Transgender Bathroom Bill

House Bill 1521 would ban transgender people from using public bathrooms that match their gender identity, forcing them to use bathrooms that match the sex they were born as.

Under this bill, individuals who enter public bathrooms designated for the opposite sex, as defined under the bill, could face trespassing charges. The measure, which has some exceptions, applies to state and local government buildings, including prisons and jails, airports, stadiums, and public schools and universities. 

Once signed by Gov. Ron DeSantis, the bill would become law on July 1.

Public-Employee Unions

With Senate Bill 256, Gov. DeSantis aims to silence those who disagree with him and diminish the power of union members by threatening Floridians’ constitutional right to join a union and collectively bargain their working conditions, salaries and benefits. The changes would impact labor groups that represent workers like teachers, 911 dispatchers and nurses.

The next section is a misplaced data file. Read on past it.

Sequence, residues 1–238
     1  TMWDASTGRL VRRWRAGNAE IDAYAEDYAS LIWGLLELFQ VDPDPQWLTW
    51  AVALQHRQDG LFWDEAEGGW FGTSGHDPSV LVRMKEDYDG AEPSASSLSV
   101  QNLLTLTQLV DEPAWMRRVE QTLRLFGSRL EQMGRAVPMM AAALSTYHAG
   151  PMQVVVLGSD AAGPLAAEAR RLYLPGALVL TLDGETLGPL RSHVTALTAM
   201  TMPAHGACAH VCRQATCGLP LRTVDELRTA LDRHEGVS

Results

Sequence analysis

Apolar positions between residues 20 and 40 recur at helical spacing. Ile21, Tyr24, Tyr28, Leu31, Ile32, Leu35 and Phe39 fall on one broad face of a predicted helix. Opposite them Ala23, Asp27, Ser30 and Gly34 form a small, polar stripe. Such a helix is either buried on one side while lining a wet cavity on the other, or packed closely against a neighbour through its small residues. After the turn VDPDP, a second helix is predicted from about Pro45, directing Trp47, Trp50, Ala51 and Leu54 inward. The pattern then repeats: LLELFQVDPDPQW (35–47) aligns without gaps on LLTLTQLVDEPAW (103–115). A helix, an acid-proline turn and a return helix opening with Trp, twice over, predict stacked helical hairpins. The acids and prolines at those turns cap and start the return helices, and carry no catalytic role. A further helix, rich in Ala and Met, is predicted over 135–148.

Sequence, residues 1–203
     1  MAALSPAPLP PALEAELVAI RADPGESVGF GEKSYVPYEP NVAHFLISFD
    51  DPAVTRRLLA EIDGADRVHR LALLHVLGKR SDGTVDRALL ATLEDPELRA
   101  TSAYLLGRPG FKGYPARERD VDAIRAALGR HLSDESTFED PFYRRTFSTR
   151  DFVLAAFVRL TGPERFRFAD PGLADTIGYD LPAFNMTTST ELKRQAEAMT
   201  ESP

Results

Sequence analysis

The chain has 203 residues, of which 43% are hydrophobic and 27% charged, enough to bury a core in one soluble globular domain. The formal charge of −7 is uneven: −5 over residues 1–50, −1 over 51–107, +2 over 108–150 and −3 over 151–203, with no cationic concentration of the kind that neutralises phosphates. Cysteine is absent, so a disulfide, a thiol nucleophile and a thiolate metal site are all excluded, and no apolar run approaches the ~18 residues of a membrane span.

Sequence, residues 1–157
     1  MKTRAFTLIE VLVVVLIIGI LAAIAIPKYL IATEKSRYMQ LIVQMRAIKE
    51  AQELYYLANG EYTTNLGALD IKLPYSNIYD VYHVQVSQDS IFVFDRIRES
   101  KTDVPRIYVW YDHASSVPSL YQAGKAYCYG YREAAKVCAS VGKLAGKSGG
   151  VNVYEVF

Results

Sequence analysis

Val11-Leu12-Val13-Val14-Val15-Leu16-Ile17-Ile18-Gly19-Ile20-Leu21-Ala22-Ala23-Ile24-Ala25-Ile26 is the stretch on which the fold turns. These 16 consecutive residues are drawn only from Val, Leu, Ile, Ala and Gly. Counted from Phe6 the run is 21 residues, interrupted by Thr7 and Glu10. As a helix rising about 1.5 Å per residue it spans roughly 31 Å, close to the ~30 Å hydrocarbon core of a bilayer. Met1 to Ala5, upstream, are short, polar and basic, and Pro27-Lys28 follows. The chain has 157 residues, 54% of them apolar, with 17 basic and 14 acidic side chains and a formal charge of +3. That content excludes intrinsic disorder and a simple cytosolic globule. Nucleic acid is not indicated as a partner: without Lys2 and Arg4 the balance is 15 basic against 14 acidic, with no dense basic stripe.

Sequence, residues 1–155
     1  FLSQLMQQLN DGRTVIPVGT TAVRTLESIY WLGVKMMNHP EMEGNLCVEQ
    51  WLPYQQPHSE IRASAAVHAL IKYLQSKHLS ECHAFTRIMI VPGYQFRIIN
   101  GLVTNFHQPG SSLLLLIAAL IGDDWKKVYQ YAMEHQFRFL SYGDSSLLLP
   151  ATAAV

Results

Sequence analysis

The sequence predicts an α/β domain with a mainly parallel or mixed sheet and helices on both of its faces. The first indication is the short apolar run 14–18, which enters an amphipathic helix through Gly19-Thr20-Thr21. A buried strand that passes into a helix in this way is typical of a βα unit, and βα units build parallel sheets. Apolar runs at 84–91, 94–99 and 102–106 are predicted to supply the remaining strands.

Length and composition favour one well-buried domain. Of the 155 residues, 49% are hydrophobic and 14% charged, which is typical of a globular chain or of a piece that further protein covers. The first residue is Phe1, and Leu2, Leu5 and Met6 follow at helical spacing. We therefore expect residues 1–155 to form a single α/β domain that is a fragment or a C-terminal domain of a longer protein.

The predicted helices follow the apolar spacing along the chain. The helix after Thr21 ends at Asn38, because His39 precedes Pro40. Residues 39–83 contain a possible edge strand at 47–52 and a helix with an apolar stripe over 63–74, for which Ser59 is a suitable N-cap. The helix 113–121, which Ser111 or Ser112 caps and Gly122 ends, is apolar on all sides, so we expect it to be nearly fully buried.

Consumer Finance Loans                                                                                          

House Bill 1267 would increase the maximum interest rate on consumer finance loans, setting an across-the-board maximum 36% rate.  This could disproportionately affect borrowers with low income or bad credit who can’t get a better loan from a bank. 

Elections Bill

SB 7050 would make it harder for third-party organizations that work with low-income communities and women to register voters. Organizations will now have 10 days, rather than 14, to submit newly completed voter registration forms to the local county supervisor of elections, among other restrictions. 

In Florida, 1 out of 10 Hispanic voters (10%) were registered by third-party organizations, as opposed to 2 out of every hundred white voters (2%), according to Daniel Smith, the chair of political science at the University of Florida.

“I feel optimistic that Floridians will wake up and help us fight back against [these bills], but I will not be celebrating (today),” Rep. Eskamani said at the close of the Legislative Session.


  • Giselle Balido

    Giselle is Floricua's political correspondent. She writes about the economy, environmental and social justice, and all things Latino. A published author, Giselle was born in Havana and grew up in New Jersey and Miami. She is passionate about equality, books, and cats.

Share This